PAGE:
Researchers at Case Western Reserve University School of Medicine and University Hospitals of Cleveland announced that the Food and Drug Administration (FDA) has approved plans to begin a study to evaluate the safety of using adult stem cells from bone marrow to treat chronic ischemia, a serious form of heart disease.
The FDA has approved a Phase I study designed to test the safety of the procedure. It will involve injecting bone marrow stem cells at varying doses into the coronary arteries of patients suffering chronic ischemic coronary artery disease, a condition in which one or more of the primary arteries supplying blood flow to the heart are clogged. The study will include patients who are not candidates for angioplasty, stent placement or coronary artery bypass grafting (CABG).
Dale Adler, M.D., vice chair of medicine at Case and UHC, will lead this study. The Harvard Clinical Research Institute (HCRI) has been contracted to help run the trial and will establish an independent data and safety monitoring board to ensure patient safety and data integrity.
George Stamatis | EurekAlert!
Less is more? Gene switch for healthy aging found
25.05.2018 | Leibniz-Institut für Alternsforschung - Fritz-Lipmann-Institut e.V. (FLI)
If solubilty is the problem - Mechanochemistry is the solution
25.05.2018 | Technische Universität Dresden
A research team led by physicists at the Technical University of Munich (TUM) has developed molecular nanoswitches that can be toggled between two structurally different states using an applied voltage. They can serve as the basis for a pioneering class of devices that could replace silicon-based components with organic molecules.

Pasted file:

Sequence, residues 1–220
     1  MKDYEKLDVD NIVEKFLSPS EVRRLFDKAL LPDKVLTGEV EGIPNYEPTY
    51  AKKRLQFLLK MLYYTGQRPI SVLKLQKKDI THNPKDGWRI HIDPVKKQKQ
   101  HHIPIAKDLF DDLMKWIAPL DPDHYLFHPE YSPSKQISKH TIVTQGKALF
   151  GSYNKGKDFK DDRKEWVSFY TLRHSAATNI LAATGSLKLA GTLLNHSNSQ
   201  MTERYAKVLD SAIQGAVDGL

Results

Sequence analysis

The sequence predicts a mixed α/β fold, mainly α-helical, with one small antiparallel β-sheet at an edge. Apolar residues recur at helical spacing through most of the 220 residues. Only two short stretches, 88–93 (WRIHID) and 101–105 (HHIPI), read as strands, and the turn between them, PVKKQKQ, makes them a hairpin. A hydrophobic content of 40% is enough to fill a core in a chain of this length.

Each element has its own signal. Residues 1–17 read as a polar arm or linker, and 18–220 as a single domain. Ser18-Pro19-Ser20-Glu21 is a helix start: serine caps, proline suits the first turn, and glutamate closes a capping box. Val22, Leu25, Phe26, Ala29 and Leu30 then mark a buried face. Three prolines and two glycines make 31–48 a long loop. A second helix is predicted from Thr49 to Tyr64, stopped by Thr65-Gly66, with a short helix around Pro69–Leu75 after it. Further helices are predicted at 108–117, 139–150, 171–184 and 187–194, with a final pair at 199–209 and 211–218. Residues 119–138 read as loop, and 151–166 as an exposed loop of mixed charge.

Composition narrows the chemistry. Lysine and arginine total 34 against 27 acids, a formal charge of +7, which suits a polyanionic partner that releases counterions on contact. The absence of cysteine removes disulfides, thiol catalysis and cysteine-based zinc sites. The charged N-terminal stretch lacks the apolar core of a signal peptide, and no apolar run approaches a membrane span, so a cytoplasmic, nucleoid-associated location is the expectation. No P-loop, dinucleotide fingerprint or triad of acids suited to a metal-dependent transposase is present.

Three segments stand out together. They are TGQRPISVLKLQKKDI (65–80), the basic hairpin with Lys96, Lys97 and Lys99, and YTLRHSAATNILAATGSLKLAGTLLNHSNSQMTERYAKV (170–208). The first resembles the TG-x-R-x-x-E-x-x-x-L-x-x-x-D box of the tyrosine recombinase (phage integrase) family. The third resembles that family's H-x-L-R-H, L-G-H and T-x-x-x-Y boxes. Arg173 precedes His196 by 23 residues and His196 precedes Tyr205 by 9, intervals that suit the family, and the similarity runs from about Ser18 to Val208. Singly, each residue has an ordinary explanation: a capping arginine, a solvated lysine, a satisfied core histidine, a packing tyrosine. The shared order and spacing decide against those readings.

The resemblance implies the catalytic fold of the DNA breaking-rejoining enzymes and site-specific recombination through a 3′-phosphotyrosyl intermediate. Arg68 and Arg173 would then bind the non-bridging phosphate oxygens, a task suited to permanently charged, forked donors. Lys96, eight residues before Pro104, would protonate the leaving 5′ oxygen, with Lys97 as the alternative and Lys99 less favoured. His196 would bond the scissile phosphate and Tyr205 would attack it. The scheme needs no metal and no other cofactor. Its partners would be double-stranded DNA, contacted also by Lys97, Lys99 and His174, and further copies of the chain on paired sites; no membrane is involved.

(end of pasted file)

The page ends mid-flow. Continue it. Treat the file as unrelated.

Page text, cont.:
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At the LASYS 2018, from June 5th to 7th, the Laser Zentrum Hannover e.V. (LZH) will be showcasing processes for the laser material processing of tomorrow in hall 4 at stand 4E75. With blown bomb shells the LZH will present first results of a research project on civil security.
At this year's LASYS, the LZH will exhibit light-based processes such as cutting, welding, ablation and structuring as well as additive manufacturing for...
There are videos on the internet that can make one marvel at technology. For example, a smartphone is casually bent around the arm or a thin-film display is rolled in all directions and with almost every diameter. From the user's point of view, this looks fantastic. From a professional point of view, however, the question arises: Is that already possible?
At Display Week 2018, scientists from the Fraunhofer Institute for Applied Polymer Research IAP will be demonstrating today’s technological possibilities and...
So-called quantum many-body scars allow quantum systems to stay out of equilibrium much longer, explaining experiment | Study published in Nature Physics
Recently, researchers from Harvard and MIT succeeded in trapping a record 53 atoms and individually controlling their quantum state, realizing what is called a...
The historic first detection of gravitational waves from colliding black holes far outside our galaxy opened a new window to understanding the universe. A...
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24.05.2018 | Ecology, The Environment and Conservation